It All Comes Back to Norwood
By Amy Buskey
When it comes to enjoying nature, we have a lot of choices here in New England. We truly are blessed to have it all nearby: mountains, lakes, beaches, the choices really are unlimited. For some, a hike through the woods with a beloved dog is a regular part of the day. For others, hitting a bike path along a beautiful route may fit the bill. For Norwood resident Meg Luizzo, a Cape Cod beach day is her slice of heaven. For the better part of our short New England summers, she and husband Ed King hit the road and head to their beloved beach house, fondly named Double Over-Thyme. A regular summer day includes a short jaunt to nearby South Village Beach in Dennis to take in the sights and soak up the sun. Also, part of a typical summer day’s end includes Ed hitting the kitchen and preparing an amazing meal for family and friends. Anyone who knows Ed King can attest – the man can cook. One could say our New England summers are the most wonderful time of the year, giving many of us much needed rest and relaxation. For this Norwood couple, their beach routine has played out the same way many, many times.
But one recent summer day stands out for Meg, in a very touching and personal way. While soaking up the sun recently at her beloved South Village Beach, she overheard a couple nearby chatting about the well-known Market Basket grocery store. The couple, Scott Spiro and wife Michele of Weymouth, also make South Village Beach a part of their summer tradition. It was not long after Meg joined the conversation that the group realized Norwood was a common thread. As it turns out, Scott grew up in Norwood, but originally hailed from Walpole. The circumstances that led the family to move from Walpole were born of extreme sadness. The Spiros were a family of six, four boys, when the family tragically lost son Jimmy to cancer as a toddler. “My Mom and Dad wanted to leave the house,” Scott recalled, “So we moved to Norwood.”
The unbearable pain drove the family just across the pond, Willett Pond to be exact. Scott entered Willett School, and like many other students, moved on to Junior High North. This beachside conversation continued like many often do; with the who knows who and all the small world connections. But one question from Spiro’s wife changed the trajectory of the conversation. When asked Meg’s maiden name, Scott recognized the name Luizzo immediately. Rewinding to the year 1973, Meg’s family had their own unthinkable tragedy – the loss of older brother Paul. Struck and killed by a car on route one in Norwood, Paul was just 13 years old at the time of his death. Following his death, Paul’s circle of friends worked with the town on a dedication. The Paul L. Luizzo Scholarship was established, along with naming the ball field at the John P. Oldham Elementary School in his memory. As it turns out, a ninth grader at Junior High North was awarded the Paul L. Luizzo Scholarship – and that 9th grader was Scott Spiro.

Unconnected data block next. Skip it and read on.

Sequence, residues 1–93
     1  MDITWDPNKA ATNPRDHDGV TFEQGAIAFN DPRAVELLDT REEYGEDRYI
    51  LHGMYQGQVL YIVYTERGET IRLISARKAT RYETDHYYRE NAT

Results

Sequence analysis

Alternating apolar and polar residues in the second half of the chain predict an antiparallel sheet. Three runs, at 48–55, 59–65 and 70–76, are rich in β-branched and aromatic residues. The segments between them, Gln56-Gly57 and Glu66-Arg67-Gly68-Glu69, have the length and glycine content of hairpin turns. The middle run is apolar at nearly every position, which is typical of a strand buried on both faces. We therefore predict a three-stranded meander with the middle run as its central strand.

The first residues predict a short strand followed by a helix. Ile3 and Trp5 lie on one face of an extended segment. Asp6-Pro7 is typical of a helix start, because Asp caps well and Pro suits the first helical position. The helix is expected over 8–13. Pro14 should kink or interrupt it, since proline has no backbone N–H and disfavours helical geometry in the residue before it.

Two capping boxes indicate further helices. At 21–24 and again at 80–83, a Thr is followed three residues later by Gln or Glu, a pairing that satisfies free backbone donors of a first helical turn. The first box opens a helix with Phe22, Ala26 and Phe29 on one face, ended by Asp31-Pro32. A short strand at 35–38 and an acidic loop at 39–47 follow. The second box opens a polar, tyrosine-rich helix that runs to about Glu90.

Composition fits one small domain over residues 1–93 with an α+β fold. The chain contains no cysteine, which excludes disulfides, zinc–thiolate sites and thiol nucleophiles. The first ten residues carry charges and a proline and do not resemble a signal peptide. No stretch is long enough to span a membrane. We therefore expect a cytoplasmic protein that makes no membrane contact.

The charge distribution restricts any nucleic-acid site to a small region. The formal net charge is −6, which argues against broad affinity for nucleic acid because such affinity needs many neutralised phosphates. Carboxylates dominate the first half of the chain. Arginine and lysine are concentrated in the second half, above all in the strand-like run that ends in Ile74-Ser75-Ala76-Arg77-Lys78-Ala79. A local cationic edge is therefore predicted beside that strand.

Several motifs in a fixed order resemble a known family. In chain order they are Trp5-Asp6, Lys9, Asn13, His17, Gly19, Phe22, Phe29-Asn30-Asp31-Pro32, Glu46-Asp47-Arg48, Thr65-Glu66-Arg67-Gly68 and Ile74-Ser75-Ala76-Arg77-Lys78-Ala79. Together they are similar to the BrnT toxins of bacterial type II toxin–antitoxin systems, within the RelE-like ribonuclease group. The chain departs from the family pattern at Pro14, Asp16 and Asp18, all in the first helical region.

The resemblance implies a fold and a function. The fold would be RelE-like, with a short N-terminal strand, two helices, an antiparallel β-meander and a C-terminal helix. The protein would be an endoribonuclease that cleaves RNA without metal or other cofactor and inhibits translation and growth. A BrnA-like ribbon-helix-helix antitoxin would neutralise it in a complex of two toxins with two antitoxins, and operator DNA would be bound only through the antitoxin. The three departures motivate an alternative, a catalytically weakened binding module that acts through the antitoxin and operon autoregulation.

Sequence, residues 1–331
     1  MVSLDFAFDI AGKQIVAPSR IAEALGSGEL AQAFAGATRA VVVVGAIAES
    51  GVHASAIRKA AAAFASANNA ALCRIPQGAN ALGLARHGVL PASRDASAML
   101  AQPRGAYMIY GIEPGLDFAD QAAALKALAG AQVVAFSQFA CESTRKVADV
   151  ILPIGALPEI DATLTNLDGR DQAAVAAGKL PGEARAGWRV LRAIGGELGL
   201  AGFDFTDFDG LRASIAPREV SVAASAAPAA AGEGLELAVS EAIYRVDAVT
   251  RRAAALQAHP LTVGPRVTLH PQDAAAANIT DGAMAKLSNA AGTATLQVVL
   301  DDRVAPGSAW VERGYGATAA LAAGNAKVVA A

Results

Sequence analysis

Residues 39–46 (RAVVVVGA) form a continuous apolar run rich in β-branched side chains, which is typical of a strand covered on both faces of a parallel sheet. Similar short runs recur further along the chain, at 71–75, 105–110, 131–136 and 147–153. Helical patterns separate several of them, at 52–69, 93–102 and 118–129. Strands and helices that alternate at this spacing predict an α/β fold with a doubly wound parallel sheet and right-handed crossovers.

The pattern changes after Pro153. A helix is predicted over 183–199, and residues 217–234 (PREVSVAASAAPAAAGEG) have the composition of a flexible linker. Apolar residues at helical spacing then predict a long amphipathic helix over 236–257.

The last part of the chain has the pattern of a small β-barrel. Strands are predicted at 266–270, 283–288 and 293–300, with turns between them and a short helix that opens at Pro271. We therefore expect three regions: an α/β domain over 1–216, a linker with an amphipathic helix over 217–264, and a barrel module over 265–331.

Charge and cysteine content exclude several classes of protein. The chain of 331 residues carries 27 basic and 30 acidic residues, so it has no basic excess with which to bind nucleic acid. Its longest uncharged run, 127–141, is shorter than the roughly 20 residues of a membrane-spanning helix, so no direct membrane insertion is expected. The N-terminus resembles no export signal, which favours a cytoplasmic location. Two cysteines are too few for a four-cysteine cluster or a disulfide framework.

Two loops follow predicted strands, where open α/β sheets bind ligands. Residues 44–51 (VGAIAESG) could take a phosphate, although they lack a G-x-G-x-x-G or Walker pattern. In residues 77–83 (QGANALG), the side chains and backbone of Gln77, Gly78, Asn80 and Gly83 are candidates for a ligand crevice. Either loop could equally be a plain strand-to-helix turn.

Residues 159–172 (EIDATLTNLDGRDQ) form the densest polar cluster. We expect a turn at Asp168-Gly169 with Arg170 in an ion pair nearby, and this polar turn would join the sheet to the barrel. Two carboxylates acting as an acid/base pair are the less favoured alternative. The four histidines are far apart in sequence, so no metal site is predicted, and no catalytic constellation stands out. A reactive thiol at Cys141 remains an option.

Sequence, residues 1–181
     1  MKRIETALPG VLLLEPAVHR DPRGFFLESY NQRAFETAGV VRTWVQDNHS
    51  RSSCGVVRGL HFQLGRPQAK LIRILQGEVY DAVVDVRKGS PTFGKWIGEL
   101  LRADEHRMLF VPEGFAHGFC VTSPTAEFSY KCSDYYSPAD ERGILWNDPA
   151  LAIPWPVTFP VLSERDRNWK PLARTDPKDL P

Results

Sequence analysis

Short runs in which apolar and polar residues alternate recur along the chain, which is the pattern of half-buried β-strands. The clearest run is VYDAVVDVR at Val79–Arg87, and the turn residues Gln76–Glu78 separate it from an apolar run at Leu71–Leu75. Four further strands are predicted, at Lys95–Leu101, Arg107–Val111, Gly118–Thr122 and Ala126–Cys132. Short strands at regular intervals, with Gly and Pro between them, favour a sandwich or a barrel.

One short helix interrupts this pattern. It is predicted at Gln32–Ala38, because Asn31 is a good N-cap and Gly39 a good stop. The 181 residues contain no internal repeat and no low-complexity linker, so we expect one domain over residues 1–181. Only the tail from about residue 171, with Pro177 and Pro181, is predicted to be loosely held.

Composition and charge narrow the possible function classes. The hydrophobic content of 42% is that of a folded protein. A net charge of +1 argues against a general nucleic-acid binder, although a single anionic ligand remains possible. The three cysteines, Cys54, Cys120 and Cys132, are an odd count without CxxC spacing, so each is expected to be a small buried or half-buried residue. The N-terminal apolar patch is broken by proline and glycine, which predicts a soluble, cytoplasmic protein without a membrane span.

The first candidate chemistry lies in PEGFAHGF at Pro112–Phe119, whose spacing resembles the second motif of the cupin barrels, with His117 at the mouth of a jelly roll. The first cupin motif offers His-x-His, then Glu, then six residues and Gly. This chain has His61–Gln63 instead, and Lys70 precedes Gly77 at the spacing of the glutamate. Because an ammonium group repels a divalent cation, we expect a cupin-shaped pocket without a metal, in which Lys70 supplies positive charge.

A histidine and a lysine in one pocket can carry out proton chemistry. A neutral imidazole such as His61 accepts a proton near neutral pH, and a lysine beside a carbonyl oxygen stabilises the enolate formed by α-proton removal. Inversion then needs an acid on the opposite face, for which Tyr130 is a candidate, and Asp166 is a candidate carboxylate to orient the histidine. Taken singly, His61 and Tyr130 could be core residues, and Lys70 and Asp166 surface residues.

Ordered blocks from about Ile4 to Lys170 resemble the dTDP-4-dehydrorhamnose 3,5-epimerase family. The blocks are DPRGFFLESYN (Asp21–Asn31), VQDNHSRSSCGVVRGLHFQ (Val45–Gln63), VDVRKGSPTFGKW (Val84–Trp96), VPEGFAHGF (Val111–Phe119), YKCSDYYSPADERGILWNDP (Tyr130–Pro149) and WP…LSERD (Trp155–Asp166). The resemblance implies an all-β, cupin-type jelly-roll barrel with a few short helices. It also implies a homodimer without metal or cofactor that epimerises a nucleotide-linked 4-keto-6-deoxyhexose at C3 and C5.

“I remember sitting in the auditorium when my name was called and I couldn’t believe it,” Scott recalled. “I was a very average student, but I played three sports and was on the yearbook staff.”
As explained by Meg.
“The award was for someone whose qualities were like Paul’s; smart, popular, well liked, and well respected by both students and teachers.”
Back to the beach, and realizing the immediate connection the two now had, Meg simply said to Scott, “Bring it in.” A warm embrace ensued, and right then and there on her favorite beach a new friendship was born. “It’s almost a cosmic thing,” Scott laughed. “She calls me her soul brother. Our lives are intertwined in so many ways.” Since meeting, Meg and Scott’s friendship has grown along with discovering the countless ways their lives are connected. “I was overjoyed finding out that Scott had won the scholarship,” Meg exclaimed. “I felt my brother gave me a nudge from heaven that day, to let me know he is watching over me.”
When asked to describe her brother, Meg readily recalled his personality.
“Paul was always on the move and always mischievous,” Meg recalled. “He was so well loved and had a very charming personality at such an early age. He was such a prankster, thanks to his grandfather. Beyond loyal, a daredevilalways betting they he could doanything he was challenged to.”
Meg also remembered Paul as being a very protective older brother.
“We got along great until it was time to watch tv,” Meg reminisced. “Paul wanted to watch The Three Stooges; I preferred watching The Brady Bunch.”
To keep the peace, Meg’s parents bought her a little pink tv.
And now, 50 years after his death, a new sense of peace now surrounds Meg. The Paul L. Luizzo Memorial Field sign has been given new life, half a century later. Beyond that, two individuals have found in each other a unique sibling bond that each lost so long ago. The bond may have been formed right on the beautiful sands of South Village Beach, but at the end of the day, it all comes back to Norwood.
Amy Buskey, formerly of Norwood is a wildlife rehabilitator (RI) and conservationist. She and her husband Rick reside in coastal Rhode Island with their beagle, Doug.